John Okerson was granted a divorce in 1994. In 1995 a state court entered a final divorce decree requiring him to make 113 monthly alimony payments to his ex-wife totaling $117,000 from September 1994 through January 2004. The decree, agreed to by both parties, stated the payments were to be considered alimony. The decree also said that if the taxpayer’s ex-wife died before the entire $117,000 was paid, the payments should continue until either of their two children completed their first four years of college or until the entire $117,000 was paid, whichever occurred first. No payments would be required if the children did not attend college, and the payments would be cut in half if only one child attended.
Okerson deducted $21,600 on his 2000 federal income tax return for the payments made to his ex-wife. In 2003 the IRS sent him a notice of deficiency disallowing the deduction. He petitioned the Tax Court for relief in 2003. He then obtained a court order from the state court that had granted the original divorce decree: It said the court had “clearly stated more than one time” that it intended the alimony to be tax deductible to Okerson and taxable to his wife. He presented the court order to the Tax Court.
Result. For the IRS. Okerson had argued the payments should be deductible as alimony since the parties in the original decree and the state court clearly intended to treat them as such. The Tax Court disagreed, saying Congress had eliminated any consideration of intent by the parties or any court when it enacted IRC section 71 and that, therefore, such intent did not determine the tax treatment of those payments. The requirements of the statute had to be followed.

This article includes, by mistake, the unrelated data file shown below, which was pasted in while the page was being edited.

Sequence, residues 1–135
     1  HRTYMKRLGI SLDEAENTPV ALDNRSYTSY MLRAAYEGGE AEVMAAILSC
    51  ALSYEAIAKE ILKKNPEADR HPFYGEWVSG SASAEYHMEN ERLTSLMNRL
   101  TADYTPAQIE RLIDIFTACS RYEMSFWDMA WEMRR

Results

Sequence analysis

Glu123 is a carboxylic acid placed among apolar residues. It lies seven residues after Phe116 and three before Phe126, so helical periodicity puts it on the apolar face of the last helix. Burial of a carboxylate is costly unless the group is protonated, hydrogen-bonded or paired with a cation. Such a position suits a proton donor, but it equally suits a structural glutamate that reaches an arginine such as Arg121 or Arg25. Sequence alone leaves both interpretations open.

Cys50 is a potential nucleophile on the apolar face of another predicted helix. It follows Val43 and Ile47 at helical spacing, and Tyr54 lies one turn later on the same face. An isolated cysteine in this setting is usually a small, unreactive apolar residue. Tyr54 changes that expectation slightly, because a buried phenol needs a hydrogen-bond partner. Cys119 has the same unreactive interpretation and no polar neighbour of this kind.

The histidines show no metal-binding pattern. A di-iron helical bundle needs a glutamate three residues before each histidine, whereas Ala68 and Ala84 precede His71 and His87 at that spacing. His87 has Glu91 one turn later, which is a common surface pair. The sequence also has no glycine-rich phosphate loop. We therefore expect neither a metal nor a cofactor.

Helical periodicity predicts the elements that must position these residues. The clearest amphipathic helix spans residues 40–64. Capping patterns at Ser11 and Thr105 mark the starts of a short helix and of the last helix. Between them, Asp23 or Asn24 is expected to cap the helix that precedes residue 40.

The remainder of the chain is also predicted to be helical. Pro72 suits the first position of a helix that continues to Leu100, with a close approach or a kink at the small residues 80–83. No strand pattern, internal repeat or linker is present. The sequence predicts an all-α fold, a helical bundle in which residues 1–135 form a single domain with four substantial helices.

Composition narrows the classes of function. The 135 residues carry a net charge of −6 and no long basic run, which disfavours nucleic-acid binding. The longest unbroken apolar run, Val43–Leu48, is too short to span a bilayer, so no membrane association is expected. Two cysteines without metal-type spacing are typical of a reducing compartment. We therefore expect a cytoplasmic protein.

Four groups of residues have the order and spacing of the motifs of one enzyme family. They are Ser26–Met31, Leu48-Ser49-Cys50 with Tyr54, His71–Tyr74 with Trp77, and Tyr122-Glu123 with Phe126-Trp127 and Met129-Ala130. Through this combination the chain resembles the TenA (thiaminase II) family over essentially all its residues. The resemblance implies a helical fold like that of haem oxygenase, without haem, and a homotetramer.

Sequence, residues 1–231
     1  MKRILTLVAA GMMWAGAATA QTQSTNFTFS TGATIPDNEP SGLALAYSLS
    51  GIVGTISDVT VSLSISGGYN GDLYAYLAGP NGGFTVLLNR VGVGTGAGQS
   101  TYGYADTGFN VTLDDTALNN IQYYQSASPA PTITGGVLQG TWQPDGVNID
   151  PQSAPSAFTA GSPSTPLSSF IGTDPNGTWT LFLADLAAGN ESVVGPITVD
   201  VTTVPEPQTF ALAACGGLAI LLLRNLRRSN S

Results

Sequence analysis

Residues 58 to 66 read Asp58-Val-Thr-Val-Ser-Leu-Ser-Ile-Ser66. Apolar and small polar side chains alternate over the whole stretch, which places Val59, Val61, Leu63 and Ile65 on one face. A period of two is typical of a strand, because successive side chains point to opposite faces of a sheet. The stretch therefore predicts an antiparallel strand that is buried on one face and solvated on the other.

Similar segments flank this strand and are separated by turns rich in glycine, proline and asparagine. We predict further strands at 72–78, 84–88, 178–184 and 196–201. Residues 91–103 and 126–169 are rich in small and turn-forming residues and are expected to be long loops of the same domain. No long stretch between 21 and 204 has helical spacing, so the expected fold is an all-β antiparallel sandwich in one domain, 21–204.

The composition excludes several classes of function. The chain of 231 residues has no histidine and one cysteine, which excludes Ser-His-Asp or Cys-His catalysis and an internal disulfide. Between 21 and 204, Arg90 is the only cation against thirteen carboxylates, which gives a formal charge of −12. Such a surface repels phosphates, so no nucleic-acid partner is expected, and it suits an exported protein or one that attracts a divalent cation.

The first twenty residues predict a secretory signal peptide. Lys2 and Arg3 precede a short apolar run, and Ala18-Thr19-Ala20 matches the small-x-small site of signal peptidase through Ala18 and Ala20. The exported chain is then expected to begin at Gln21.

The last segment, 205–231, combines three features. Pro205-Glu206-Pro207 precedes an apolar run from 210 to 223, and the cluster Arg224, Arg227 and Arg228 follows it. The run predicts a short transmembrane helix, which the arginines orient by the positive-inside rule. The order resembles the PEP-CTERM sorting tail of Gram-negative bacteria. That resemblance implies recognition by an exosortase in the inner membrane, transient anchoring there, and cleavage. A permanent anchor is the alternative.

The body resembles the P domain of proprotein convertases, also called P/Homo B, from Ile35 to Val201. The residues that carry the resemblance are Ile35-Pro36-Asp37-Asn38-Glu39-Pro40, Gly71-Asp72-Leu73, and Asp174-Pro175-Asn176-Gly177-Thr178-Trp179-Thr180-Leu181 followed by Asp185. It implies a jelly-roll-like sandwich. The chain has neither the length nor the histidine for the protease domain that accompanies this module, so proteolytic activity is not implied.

Okerson further argued the contingent payments for the children’s college education should not be considered substitute payments since he never actually made any of them. The Tax Court disagreed, saying the standard to be applied to substitute payments was not whether they actually were paid but whether they could have been paid if the payee spouse died. The court then referred to temporary regulations section 1.71-1T(b), Q&A-14, to determine whether any of the $21,600 might qualify as alimony. The temporary regulations do allow a portion of the predeath payments to qualify as alimony when the postdeath payments are less than scheduled predeath payments. For example, if the predeath payments were $30,000 and the substitute payments were $10,000, then $20,000 would be considered alimony. The court determined that no portion of the $21,600 payments was deductible as alimony since the amount of the contingent postdeath payments would have been the same as the payments made to the ex-wife under the divorce decree.
John R. and Patricia G. Okerson v. Commissioner, 123 TC no. 14.
Prepared by Charles J. Reichert, CPA, professor of accounting, University of Wisconsin, Superior.